Fodor's Expert Review Sanctuary of Apollo

Delos Archaeological Site/Ruins

Beyond the Sacred Way is one of the most important sites on the island, the Sanctuary of Apollo. Three separate temples originally stood here flanked by altars, monuments, and statues, although not much remains of them. The main temple was grand, fittingly called the Great Temple of Apollo (circa 480 BC). Inside the sanctuary and to the right is the House of the Naxians, a 7th- to 6th-century BC structure with a central colonnade. Dedications to Apollo were stored in this shrine. Outside the north wall a massive rectangular pedestal once supported a colossal statue of Apollo (one of the hands is in Delos's Archaeological Museum, and a piece of a foot is in the British Museum in London). Near the pedestal a bronze palm tree was erected in 417 BC by the Athenians to commemorate the palm tree under which Leto gave birth. According to Plutarch, the palm tree toppled in a storm and brought the statue of Apollo down with it. In The Odyssey, Odysseus compares the Phaeacian princess Nausicaa... READ MORE

Beyond the Sacred Way is one of the most important sites on the island, the Sanctuary of Apollo. Three separate temples originally stood here flanked by altars, monuments, and statues, although not much remains of them. The main temple was grand, fittingly called the Great Temple of Apollo (circa 480 BC). Inside the sanctuary and to the right is the House of the Naxians, a 7th- to 6th-century BC structure with a central colonnade. Dedications to Apollo were stored in this shrine. Outside the north wall a massive rectangular pedestal once supported a colossal statue of Apollo (one of the hands is in Delos's Archaeological Museum, and a piece of a foot is in the British Museum in London). Near the pedestal a bronze palm tree was erected in 417 BC by the Athenians to commemorate the palm tree under which Leto gave birth. According to Plutarch, the palm tree toppled in a storm and brought the statue of Apollo down with it. In The Odyssey, Odysseus compares the Phaeacian princess Nausicaa to a palm he saw on Delos, when the island was wetter.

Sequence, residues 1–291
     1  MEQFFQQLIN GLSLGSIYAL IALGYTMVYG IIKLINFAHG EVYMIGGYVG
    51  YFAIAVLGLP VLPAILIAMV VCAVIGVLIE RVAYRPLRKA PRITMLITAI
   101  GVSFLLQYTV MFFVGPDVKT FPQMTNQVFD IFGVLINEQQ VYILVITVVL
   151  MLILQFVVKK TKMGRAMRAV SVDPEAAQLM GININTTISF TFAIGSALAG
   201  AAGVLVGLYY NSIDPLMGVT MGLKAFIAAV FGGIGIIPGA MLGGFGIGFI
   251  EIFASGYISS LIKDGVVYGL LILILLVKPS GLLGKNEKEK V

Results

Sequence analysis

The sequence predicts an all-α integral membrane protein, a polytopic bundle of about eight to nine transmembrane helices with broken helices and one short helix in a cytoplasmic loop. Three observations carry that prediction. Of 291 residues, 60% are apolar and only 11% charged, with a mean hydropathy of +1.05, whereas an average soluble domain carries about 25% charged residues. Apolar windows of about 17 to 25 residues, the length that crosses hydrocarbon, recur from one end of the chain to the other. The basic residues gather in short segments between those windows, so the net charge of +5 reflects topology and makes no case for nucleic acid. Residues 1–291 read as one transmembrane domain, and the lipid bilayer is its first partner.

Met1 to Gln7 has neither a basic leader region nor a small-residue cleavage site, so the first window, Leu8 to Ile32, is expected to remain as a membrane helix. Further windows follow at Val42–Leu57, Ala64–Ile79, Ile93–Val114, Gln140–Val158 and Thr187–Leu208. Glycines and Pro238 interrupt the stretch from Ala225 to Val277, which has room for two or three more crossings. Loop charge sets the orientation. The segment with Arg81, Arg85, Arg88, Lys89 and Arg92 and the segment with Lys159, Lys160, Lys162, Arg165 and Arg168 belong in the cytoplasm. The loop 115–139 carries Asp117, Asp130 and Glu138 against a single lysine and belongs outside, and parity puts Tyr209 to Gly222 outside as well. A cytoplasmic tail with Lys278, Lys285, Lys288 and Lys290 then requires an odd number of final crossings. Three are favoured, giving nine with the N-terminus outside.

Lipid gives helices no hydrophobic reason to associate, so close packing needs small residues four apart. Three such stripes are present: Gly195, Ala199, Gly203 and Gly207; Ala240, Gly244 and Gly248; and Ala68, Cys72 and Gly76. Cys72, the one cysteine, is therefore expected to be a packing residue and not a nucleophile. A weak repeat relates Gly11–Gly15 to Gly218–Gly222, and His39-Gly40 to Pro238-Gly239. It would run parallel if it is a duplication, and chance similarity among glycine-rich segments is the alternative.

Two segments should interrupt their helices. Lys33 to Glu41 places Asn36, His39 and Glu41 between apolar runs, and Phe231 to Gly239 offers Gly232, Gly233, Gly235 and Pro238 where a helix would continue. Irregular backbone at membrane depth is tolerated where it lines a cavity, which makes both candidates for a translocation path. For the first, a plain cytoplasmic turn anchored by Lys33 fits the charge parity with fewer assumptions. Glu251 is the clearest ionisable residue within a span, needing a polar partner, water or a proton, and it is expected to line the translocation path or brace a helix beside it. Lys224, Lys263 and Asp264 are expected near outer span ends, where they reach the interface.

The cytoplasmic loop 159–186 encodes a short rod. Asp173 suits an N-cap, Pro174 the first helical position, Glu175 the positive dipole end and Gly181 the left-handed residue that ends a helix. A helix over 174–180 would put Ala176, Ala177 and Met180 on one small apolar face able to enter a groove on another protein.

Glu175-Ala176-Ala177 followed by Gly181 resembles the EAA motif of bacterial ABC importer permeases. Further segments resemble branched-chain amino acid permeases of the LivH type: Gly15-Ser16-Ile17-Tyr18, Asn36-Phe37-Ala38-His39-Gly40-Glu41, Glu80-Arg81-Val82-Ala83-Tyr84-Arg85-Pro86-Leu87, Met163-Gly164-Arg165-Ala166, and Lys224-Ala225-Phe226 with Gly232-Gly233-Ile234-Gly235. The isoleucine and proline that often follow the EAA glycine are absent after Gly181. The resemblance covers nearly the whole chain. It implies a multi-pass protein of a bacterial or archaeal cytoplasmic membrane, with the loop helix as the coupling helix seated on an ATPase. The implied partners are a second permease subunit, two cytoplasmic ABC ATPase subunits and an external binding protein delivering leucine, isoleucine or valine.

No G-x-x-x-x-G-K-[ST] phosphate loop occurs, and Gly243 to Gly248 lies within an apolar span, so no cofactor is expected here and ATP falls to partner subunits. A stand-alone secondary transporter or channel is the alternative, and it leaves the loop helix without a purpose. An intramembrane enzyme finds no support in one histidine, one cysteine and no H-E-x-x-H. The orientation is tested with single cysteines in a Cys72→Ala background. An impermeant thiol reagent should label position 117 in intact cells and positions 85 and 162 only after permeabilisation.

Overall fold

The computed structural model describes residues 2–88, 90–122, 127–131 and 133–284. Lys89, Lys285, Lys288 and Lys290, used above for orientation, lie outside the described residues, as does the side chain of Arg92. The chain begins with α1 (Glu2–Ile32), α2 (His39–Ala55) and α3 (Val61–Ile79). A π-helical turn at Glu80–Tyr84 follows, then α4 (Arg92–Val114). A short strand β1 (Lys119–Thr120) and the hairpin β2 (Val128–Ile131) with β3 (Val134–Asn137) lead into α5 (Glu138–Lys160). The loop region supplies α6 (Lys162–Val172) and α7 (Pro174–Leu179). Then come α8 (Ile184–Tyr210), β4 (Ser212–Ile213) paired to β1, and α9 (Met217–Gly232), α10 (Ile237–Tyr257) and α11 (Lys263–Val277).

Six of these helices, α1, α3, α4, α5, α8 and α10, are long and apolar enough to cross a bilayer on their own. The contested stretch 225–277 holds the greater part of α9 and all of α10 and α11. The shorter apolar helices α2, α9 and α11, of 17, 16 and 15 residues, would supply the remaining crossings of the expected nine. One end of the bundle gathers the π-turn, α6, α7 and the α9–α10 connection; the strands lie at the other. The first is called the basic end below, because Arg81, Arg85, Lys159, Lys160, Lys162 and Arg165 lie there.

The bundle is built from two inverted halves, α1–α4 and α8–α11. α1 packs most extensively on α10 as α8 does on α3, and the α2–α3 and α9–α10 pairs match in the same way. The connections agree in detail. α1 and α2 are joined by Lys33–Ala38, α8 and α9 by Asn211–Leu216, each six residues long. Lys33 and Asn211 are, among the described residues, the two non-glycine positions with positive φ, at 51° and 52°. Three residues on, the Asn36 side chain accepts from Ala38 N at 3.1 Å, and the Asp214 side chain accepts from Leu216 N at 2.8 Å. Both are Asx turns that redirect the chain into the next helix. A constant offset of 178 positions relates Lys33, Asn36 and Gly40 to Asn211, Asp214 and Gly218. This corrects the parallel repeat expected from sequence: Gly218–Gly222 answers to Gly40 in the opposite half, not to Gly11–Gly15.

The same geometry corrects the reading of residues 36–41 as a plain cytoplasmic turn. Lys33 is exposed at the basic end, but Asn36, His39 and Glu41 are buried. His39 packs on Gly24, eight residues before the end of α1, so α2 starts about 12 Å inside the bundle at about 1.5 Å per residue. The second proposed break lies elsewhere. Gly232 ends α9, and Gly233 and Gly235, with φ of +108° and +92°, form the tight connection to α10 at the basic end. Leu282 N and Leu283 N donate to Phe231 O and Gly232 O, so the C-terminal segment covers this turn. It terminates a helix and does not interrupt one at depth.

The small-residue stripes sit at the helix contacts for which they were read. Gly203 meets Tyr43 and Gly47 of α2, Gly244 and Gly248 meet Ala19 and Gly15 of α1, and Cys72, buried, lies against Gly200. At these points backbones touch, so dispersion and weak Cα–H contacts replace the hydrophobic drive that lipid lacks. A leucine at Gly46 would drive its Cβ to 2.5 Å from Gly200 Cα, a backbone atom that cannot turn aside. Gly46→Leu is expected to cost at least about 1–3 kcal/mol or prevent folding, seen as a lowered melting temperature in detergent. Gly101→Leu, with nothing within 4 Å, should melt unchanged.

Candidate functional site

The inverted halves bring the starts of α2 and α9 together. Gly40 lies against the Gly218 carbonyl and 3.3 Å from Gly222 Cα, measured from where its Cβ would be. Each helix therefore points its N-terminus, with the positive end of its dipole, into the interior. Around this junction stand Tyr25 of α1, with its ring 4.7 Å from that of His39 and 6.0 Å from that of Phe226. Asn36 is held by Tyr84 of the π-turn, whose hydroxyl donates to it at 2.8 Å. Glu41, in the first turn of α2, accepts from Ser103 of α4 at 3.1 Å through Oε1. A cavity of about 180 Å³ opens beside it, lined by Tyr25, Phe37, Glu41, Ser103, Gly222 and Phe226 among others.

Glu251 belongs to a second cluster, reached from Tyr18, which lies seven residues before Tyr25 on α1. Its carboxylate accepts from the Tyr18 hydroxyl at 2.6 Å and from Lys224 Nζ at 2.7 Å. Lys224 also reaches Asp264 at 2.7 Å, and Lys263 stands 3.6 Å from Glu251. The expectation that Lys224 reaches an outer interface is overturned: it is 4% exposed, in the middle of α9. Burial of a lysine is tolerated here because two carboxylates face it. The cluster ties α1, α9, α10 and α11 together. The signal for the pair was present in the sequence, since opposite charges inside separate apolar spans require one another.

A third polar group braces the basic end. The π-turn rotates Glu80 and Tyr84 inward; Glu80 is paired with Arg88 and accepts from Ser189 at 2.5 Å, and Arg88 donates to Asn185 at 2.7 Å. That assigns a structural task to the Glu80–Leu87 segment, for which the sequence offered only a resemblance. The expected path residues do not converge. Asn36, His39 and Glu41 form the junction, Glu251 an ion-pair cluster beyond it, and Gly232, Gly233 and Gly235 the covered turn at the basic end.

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Archaeological Site/Ruins

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Delos  Greece

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